The September 21, 1957 issue of The Nation was dedicated entirely to Cook's investigation of the Hiss case, which was called, "Hiss: New Perspectives on the Strangest Case of our Time." In the article Cook wrote for The Nation, he ultimately was of the opinion that Hiss was not guilty of the accusations made by Whittaker Chambers who accused Hiss of being a Soviet spy while working for the US State Department.

Cook expanded the article into a book entitled, The Unfinished Story of Alger Hiss (Morrow, 1957) and to the end of his life continued to maintain that Hiss had been innocent. In an interview he gave at the age of 89 Cook observed:

And as a matter of fact, I don't think the book was ever challenged. If I had made some grievous error, they would have been down on my head right away, but it didn't happen. That said to me that I was pretty damned accurate. And everything I saw in the FBI documents in the 1970s just confirmed that I was right.[12]


Cook's 1964 exposé, The FBI Nobody Knows, was central to the plot of one of Rex Stout's most popular Nero Wolfe novels, The Doorbell Rang (1965)

This is an incomplete list that doesn't include all the nonfiction written for children and young adults, his fiction and his works published in magazines.[13]

  • "The Unfinished Story of Alger Hiss", Morrow, 1958.
  • "The Warfare State," Macmillan, 1962.
  • "What Manner of Men: Forgotten Heroes of the Revolution", Morrow, 1959.
  • "Rallying a Free People: Theodore Roosevelt", Kingston House, 1961.
  • "The FBI Nobody Knows", Macmillan, 1964.
  • "Barry Goldwater: Extremist of the Right", Grove, 1964.
  • "The Corrupted Land: The Social Morality of Modern Americans", Macmillan, 1966.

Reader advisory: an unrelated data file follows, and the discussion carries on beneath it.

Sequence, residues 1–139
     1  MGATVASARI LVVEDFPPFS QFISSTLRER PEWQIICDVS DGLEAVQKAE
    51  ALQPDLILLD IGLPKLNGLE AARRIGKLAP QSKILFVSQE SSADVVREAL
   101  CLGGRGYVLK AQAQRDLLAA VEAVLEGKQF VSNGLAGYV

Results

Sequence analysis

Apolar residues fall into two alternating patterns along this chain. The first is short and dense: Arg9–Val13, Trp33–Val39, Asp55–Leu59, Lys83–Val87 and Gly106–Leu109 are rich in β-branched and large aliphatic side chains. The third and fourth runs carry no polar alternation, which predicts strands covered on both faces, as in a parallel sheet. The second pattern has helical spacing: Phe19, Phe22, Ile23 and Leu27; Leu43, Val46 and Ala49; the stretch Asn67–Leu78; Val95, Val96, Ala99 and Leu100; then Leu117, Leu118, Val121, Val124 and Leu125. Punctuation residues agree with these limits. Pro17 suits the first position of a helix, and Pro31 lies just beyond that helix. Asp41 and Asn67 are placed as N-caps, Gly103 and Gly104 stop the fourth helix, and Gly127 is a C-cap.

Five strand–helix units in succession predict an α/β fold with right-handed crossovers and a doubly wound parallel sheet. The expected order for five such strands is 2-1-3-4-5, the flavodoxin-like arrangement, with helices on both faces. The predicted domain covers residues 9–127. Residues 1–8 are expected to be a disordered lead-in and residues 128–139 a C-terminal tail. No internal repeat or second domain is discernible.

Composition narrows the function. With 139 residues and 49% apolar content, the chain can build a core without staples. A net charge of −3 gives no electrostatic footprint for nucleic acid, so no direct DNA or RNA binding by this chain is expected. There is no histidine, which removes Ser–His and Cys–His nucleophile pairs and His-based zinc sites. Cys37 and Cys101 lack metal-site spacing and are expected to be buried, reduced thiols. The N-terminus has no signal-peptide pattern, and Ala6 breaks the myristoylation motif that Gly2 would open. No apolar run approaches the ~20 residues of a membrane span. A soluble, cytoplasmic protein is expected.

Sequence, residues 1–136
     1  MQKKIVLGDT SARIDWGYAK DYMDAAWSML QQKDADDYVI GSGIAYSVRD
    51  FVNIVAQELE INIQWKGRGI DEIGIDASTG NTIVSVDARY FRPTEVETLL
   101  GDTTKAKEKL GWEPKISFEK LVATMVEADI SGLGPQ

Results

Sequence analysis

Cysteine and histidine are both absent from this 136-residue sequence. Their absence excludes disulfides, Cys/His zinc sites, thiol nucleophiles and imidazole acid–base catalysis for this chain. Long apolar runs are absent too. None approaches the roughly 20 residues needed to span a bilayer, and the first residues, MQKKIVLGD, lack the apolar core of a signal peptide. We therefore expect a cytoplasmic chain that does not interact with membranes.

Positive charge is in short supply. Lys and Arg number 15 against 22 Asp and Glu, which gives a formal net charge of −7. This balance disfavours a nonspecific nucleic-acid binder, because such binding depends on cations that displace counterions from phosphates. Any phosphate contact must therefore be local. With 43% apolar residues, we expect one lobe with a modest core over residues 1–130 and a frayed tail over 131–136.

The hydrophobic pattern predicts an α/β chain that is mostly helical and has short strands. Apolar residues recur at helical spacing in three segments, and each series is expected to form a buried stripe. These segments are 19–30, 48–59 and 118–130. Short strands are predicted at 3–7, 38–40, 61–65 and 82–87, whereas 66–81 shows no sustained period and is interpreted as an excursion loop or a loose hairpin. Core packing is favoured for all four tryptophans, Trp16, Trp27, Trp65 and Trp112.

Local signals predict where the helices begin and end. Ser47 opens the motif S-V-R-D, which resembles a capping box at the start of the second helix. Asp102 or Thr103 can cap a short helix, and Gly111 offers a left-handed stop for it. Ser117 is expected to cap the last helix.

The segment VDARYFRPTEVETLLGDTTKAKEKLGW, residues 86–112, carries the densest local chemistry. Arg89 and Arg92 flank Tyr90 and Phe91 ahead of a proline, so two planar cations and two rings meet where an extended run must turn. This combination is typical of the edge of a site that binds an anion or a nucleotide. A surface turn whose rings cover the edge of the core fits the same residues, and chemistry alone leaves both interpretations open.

• "The Secret Rulers: Criminal Syndicates and How They Control the U.S. Underworld", Duell, Sloan & Pearce, 1966.
  • "The Plot against the Patient", Prentice-Hall, 1967.
  • "What So Proudly We Hailed", Prentice-Hall, 1968.
  • "The Nightmare Decade: The Life and Times of Senator Joe McCarthy", Random House, 1971.
  • "The Army-McCarthy Hearings, April–June, 1954: A Senator Creates a Sensation Hunting Communists", Franklin Watts, 1971.
  • "The Rise of American Political Parties", Franklin Watts, 1971.
  • "The Cuban Missile Crisis, October, 1962: The U.S. and Russia Face a Nuclear Showdown", Franklin Watts, 1972.
  • "The Muckrakers: Crusading Journalists Who Changed America", Doubleday, 1972.
  • "The U-2 Incident, May, 1960: An American Spy Plane Downed over Russia Intensifies the Cold War", Franklin Watts, 1973.
  • "Dawn over Saratoga: The Turning Point of the Revolutionary War", Doubleday, 1973.
  • "Mafia", Fawcett, 1973.
  • "American Political Bosses and Machines", Franklin Watts, 1973.
  • "The Pinkertons", Doubleday, 1974.
  • "Lobbying in American Politics", Franklin Watts, 1976.
  • "Privateers of `76", illustrated by William L. Verrill, Jr., Bobbs-Merrill, 1976.
  • "Julia's Story: The Tragedy of an Unnecessary Death", Holt, 1976.
  • "Mob, Inc.", Franklin Watts, 1977.
  • "The Ku Klux Klan: America's Recurring Nightmare", Messner, 1980.
  • "The Crimes of Watergate", Franklin Watts, 1981.
  • "The Great Energy Scam: Private Billions vs. Public Good", Macmillan, 1982.
  • "Maverick: Fifty Years of Investigative Reporting" (autobiography), introduction by Studs Terkel, Putnam, 1984.


  1. ^ Cook, Fred J. Maverick: Fifty Years of Investigative Reporting. Putnam: 1984.
  2. ^ Fred J. Cook, journalist, questioned theory on JFK death. Obituary, The Star-Ledger (Newark, NJ) - April 7, 2003.
  3. ^ Cook, Fred J. "Capital Punishment: Does it Prevent Crime?" The Nation, 10 March 1956.
  4. ^ “Cook was classic old-time journalist “Ocean County Observer (Toms River, NJ) April 27, 2003
  5. ^ Moore, Kirk. “OH, THE HUMANITY': On May 6, 1937, world's largest aircraft burst into flames at Lakehurst, killing 36. Asbury Park Press (Neptune, NJ) May 5, 2002 Subscription required database
  6. ^ Cook, Fred J. "On Being an Enemy of the FBI". The Nation, 22 March 1986.
  7. ^ Lavietes, Stuart. “Fred J. Cook, 92, the Author of 45 Books, Many Exposes”, New York Times obituary, p.54, May 4, 2003
  8. ^ Joyce, Tom. "His call for a reply set up historic broadcast ruling. Fred J. Cook, whose book was attacked on Red Lion radio station WGCB in 1964, died recently at age 92." York Daily Record (PA), May 6, 2003
  9. ^ "Writers and Editors War Tax Protest" January 30, 1968 New York Post
  10. ^ Fred J. Cook, Maverick: Fifty Years of Investigative Reporting, Putnam, 1984, pp. 299-305.
  11. ^ David Anderson and Peter Benjaminson, Investigative Reporting, Indiana University Press, 1976, pp. 260-284.
  12. ^ Interview with Fred J. Cook.
  13. ^ Contemporary Authors Online, Gale, 2004. Subscription required database. Accessed August 24, 2007.